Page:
Iris Apfel with Brie Dyas
“It made me a geriatric starlet,” Iris Apfel says of ‘Rara Avis,’ the massive 2005 Metropolitan exhibition of pieces culled from Ms. Apfel’s extensive and enviable wardrobe. Iris is 91 years old, sporting an electric coral hue on her lips and her signature glossy black fishbowl glasses. Since ‘Rara Avis’, Iris has collaborated with MAC Cosmetics on a collection, designed costume jewelry for HSN, and this fall launched a line of eyewear, as well as Extinctions by Iris Apfel, a collection of purses in exotic materials.
Our starlet is also the subject of an upcoming, hotly-anticipated Albert Maysles documentary. On Thursday night she held court with a number of well-dressed women of every age, speaking to Huffington Post Style senior Editor Brie Dyas. Sandwiched between swathes of fabric from Missoni and Bernard Thorpe in one of Stark’s 10th floor showrooms, the two women chatted about everything from social media (per Iris: “I don’t understand why everybody wants everybody knowing their business”), to the idea of personal style. Ms. Dyas asked Iris if—with the ascent of mass market retailers like H&M, etc—she thought creative personal style was as good as dead. Apfel pulled her Extinctions orange Mongolian lambskin wrap/purse closer to her, stacks of bracelets jangling. “I don’t think it’s dead, but I think it’s on life support. You have to do a little work [at style]. It just doesn’t happen.”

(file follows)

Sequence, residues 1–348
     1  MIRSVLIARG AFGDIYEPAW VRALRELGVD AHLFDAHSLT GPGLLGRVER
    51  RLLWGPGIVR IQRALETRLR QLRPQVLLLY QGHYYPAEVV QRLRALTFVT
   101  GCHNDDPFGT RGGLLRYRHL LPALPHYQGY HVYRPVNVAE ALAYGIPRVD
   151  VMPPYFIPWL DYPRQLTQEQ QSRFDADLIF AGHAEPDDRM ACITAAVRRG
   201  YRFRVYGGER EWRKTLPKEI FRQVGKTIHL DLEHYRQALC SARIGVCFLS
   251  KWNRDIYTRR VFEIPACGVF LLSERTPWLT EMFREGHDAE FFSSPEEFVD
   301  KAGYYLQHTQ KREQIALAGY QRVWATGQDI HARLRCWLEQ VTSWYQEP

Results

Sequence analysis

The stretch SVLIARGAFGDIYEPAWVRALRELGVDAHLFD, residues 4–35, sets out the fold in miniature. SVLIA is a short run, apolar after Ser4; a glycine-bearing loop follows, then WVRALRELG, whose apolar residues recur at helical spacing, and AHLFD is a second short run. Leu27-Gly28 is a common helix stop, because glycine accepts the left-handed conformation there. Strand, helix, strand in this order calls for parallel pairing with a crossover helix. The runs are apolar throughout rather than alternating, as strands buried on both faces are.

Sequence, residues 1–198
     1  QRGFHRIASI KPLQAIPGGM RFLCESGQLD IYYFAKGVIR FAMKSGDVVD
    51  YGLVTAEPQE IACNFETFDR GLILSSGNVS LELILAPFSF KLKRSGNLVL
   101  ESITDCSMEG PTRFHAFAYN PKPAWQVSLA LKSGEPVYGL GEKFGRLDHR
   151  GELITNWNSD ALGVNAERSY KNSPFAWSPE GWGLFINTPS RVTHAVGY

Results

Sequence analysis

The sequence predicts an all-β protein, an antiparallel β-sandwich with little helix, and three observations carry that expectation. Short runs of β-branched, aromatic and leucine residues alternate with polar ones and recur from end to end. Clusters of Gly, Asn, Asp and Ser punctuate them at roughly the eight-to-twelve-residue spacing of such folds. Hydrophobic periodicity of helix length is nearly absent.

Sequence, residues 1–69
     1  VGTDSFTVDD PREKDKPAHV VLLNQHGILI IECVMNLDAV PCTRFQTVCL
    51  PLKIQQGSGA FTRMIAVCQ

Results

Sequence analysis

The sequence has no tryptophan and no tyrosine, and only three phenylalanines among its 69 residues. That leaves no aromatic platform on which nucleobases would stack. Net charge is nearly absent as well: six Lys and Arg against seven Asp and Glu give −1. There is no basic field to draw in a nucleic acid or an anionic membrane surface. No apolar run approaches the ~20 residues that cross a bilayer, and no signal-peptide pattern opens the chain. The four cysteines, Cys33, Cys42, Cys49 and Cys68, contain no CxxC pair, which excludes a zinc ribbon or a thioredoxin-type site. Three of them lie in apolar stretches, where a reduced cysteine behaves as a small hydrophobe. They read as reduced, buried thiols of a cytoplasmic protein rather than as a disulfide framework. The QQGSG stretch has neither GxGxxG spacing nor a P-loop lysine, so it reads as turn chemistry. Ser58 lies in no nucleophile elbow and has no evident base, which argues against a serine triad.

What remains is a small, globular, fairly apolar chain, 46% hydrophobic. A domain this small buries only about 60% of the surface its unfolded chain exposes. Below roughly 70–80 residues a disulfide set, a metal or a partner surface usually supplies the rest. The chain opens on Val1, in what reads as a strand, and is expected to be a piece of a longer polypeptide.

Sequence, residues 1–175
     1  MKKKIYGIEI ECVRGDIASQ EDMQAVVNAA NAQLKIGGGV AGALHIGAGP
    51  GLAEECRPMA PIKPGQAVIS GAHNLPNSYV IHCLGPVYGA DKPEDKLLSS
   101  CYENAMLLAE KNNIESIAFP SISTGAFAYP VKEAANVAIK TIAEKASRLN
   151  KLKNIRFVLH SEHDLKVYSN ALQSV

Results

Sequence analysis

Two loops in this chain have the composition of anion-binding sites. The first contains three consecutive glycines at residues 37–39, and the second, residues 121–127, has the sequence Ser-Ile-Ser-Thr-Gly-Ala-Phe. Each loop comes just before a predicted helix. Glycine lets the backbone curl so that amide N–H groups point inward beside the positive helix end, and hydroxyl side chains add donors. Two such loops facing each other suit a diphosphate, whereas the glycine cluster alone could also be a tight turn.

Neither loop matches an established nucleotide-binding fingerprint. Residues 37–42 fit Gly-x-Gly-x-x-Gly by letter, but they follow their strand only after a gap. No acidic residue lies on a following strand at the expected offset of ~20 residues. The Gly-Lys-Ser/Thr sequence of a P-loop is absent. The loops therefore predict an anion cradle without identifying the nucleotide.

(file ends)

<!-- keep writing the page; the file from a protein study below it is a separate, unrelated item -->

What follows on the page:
In Iris’ case, she’s been working on it for a while. The last time we met the ‘rare bird’, we heard about the ensemble she wore to meet Duke Ellington in in 1940—grey flannel trousers with a matching cashmere sweater and a former beau’s Cornell blazer.
On Thursday she told us of an early shopping victory. At age 11 Iris was sent out on her own, $25 in hand, to buy herself an Easter frock. At now-shuttered department store S. Klein on Manhattan’s Union Square, she tasted sartorial victory.
“I just went bananas over this dress! It was just what I wanted, and the price was right at $12.95. It was pure silk, a poetic version of a shirtmaker dress because it had those big poet sleeves. It was flesh colored silk with a little navy blue gentleman’s tie design, and a tight waist and a full skirt. I thought, ‘Oh my god, this is heaven.”
But, having been taught the importance of comparison shopping, Iris headed up to the department store mecca that was Herald Square, only to be disappointed by the selection. She was gripped by the realization that her dream dress might have been snapped up. “I was absolutely in a frenzy until I got back down to 14th Street, and I flew in like a mad person. I started to comb the racks and I couldn’t find the dress. Finally I located it, so I grabbed it. I gave thanks to God, and $12.95 to the cashier.”
Pressed for her advice to young women, Iris paused. “I think they should open their minds and their eyes, and stop pressing buttons so much.” (It was at this point that we paused, mid-live tweeting) “I think they should learn who they are and not try to fit into a mould that some magazine editor tells them they have to be. The world’s a big place, sniff it all out.”
And, as Iris has been known to remark, “People should put more things in their heads than on their heads.”
Ed. note: For those of you in Manhattan, Iris will be at Henri Bendel tonight, October 12, from 6-8 PM and at Bloomingdale’s on November 7!
Photos: Michael McGraw
Iris with Hilary Knight, illustrator of our beloved Eloise books